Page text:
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Saturday, July 04, 2020

Michael Bolton Rules

There had been a fashion for a while to appreciate Michael Bolton ironically, and he's a good sport about it, so you can almost imagine the comedy gold that results.

But I was growing up listening to the radio during the peak Michael Bolton time; he's great, as far as I'm concerned. He sings, and I feel things. I guess somebody more "woke" than me will go on about how "blue-eyed soul" is cultural appropriation. And maybe it is. I spent a good portion of my childhood and adolescent years appreciating Black culture. I'm still kind of doing that, to be honest. I digress.

An old friend announced his engagement yesterday on social media. I said I was "Michael Bolton on Dancing with the Stars" excited, which is a lot. You can blame Tommy Mottolla and Walter Afanasieff, I guess. It was in the air; what can you do? He'll never be my absolute favorite, but I like and love so much music that this doesn't say much. I'm a big fan. I'm never unhappy when I hear one of his songs.

Happy Fourth of July, everybody! And thanks again, Mr. Bolton.

Thursday, July 02, 2020

Checking In On "Changed My Mind," With Luke T. Harrington (Jason Kettinger, AKA, Me)

There's no way I'm listening to this. [No way, I agree.--ed.] I suppose I could still publicize it, though. Do you recall if I said anything offensive? [The amount of time you can talk is offensive enough.--ed.]

I had fun, though! [You always have fun at other people's expense.--ed.] I guess I can't argue with that. I hope this episode doesn't start brawls in the streets, or lead to the cancellation of Luke's podcast. Although if it did, I would be morbidly pleased with myself.

[Wait until the Reformed watch-bloggers get a hold of this!--ed.] I know, right? Then again, they'll probably just blame the resulting social chaos on Jason Stellman. [Touche.--ed.]

Wednesday, July 01, 2020

He Is Also A Son Of Abraham

One interesting thing about the story of Zacchaeus in Luke 19 can get overlooked. The leaders of the people are once again muttering, asking in their hearts--and maybe out loud--if Jesus knows that he is welcoming a sinner. Jesus answers by saying that salvation has come to this house, since he also is a son of Abraham. It was the social system that put this into doubt, not any confusion about the man's identity. So many times, we are confronted with the temptation to exclude someone from the mercy of God, because they don't appear to deserve it. However, does anyone deserve it?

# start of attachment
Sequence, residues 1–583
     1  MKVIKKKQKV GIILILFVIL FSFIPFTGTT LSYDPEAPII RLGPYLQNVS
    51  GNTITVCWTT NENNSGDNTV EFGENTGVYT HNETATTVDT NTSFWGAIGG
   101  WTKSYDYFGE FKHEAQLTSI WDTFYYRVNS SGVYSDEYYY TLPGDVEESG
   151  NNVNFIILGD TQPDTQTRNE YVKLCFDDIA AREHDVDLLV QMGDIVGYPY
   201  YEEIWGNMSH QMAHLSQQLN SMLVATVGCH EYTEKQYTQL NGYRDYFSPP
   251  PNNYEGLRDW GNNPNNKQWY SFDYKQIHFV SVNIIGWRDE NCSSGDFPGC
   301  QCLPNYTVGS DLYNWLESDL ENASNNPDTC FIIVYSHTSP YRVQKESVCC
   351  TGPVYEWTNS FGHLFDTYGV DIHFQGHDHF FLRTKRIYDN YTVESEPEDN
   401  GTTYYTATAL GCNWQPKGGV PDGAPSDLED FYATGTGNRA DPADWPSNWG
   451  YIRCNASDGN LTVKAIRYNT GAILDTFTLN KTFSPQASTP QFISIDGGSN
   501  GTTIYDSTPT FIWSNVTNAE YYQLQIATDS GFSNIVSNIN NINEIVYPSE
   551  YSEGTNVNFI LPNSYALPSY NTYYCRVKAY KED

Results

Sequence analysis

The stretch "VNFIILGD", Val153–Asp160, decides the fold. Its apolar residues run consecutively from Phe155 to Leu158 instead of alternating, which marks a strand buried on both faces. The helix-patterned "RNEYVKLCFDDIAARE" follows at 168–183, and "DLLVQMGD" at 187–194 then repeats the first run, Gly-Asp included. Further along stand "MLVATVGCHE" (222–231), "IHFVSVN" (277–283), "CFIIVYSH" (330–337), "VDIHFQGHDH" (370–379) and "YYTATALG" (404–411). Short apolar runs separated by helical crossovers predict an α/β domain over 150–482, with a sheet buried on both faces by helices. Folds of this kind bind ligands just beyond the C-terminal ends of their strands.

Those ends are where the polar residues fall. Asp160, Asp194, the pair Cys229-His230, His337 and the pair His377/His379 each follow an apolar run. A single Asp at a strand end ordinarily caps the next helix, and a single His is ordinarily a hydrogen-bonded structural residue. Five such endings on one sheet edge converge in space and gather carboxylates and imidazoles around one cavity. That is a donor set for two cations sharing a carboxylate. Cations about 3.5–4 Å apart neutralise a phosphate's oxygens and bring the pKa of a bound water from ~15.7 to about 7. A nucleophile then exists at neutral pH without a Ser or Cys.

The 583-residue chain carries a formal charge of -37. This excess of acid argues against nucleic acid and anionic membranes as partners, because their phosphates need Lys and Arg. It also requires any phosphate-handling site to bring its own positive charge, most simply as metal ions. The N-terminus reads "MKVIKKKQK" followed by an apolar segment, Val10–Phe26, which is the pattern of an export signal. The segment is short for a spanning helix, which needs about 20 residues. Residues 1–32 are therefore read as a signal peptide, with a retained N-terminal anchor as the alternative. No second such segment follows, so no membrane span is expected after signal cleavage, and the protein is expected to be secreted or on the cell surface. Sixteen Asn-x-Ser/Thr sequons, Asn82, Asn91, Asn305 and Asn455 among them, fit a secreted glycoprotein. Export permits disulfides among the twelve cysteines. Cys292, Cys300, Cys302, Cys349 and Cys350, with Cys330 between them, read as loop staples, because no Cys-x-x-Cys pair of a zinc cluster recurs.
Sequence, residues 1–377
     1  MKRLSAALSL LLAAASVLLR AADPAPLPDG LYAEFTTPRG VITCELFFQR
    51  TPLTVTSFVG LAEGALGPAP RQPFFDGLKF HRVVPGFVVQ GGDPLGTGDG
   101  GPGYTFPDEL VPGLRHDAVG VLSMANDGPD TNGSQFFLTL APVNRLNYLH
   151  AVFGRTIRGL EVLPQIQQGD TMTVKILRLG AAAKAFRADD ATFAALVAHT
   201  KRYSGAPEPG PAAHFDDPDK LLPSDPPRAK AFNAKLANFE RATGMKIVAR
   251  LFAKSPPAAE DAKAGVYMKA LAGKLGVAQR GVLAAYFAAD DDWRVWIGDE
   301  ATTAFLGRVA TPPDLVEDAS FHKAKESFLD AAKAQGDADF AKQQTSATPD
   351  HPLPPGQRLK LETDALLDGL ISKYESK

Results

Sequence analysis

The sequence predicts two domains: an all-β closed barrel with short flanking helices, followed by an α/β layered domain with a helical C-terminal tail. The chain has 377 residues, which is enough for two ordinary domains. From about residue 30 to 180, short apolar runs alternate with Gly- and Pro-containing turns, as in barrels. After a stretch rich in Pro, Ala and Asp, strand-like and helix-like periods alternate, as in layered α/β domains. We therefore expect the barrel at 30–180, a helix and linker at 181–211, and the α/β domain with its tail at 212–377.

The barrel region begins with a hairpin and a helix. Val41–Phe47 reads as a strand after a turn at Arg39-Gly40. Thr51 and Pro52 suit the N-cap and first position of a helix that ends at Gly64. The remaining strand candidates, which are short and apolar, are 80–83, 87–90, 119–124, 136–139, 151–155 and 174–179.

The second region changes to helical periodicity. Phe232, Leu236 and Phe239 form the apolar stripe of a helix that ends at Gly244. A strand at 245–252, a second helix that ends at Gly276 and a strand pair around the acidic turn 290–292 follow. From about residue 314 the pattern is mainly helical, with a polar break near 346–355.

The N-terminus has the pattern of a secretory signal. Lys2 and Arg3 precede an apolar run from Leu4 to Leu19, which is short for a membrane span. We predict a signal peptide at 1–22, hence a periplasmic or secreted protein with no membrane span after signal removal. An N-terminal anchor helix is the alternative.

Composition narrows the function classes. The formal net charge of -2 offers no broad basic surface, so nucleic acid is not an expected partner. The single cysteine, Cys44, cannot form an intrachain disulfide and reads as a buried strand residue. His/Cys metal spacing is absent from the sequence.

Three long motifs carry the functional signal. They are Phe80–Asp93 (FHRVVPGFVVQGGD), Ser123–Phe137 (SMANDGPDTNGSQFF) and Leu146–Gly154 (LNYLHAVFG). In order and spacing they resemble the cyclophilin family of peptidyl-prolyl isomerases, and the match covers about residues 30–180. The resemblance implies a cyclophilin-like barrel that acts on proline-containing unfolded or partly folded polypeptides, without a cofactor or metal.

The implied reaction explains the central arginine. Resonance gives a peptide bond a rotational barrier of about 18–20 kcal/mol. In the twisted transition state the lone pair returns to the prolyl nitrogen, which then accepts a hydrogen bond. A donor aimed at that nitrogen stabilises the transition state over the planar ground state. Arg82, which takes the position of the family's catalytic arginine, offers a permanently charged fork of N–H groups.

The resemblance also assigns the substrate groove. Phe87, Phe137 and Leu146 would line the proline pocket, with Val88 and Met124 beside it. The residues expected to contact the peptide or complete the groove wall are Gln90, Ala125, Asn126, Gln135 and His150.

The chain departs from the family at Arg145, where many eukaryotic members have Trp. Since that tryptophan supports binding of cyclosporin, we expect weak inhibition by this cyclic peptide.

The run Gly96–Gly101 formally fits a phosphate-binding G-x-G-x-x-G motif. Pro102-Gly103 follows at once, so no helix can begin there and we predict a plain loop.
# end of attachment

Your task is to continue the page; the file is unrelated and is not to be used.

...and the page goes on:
Suppose Jesus just came over to your house. He simply invited himself. I doubt we would feel worthy, but it is the quality of faith to welcome him. A faith that lives is a faith that desires Jesus. That desire is shot through with hope, because hope disregards unworthiness, in order to seek communion.

They tell us in spiritual discernment to ask God to let the good desires grow. That principal desire will be for communion with God. When it is fanned into a flame, it cannot be stopped. This sinner had a true desire for God, and he began to nurture it. Let us be the ones who nurture this desire, who do not stand in the way of it growing. Let the words of Scripture be the kindling for this desire.

For Me, Or Against Me

I realized the other day that I don't recognize a middle ground on this. You're either for me, or against me. We all have disappointments and disagreements with those we love; most of that just rolls off, either with time, or experience. But if I have a doubt about whether someone cares about me--no matter the motivation--it's just over.

I can remember being trained in evangelism when I was young, and we would often talk about not making people into "projects". The trouble was, I think we actually did a lot of what we said we did not want to do.

I definitely work with the notion of "insider/outsider." You can give me advice, criticism, or whatever you like, but you better be an insider. You had better know your place. We all do this, even if we don't talk about it. But I'm getting to the point where I say exactly what I think, even if it sounds "arrogant" or any other words somebody would like to use.

It's funny to say this now, because I got a bit of a reputation of being overly diplomatic. But then, I'm thinking back over 20+ years of adulthood now. Things can change in 20 years, and hopefully they do, for the better.

Sunday, June 28, 2020

Joyful Commemoration Is Affirmation

You get a lot of "first openly gay" or "first openly…" something in the popular culture today. I think there is a Christian tendency to try to celebrate that, as if we want to signal, "well, we're not the kind of Christians who would tie Matthew Shepard to a fence and beat him to death." As if telling someone that homosexual relations are contrary to God's law is equivalent to murder. It is actually a gift for someone to tell you that you are a sinner, and that you need to turn around. There are lots of hateful people in the world, who can get an issue right, but with the wrong heart. That is true. But we are hopelessly na├»ve, if we don't think and recognize that "first openly gay" language is an invitation to celebration. It forms a liturgy of affirmation. It forms a counter-liturgy of alternate practices pertaining to the human body.

The best you'll ever get from me, in response to the homosexuality of some famous person is, "I don't care." In fact, for me to say that I don't care may reflect a lack of love on my part, because I don't say to that person that practicing homosexuality puts your eternal soul at risk of damnation.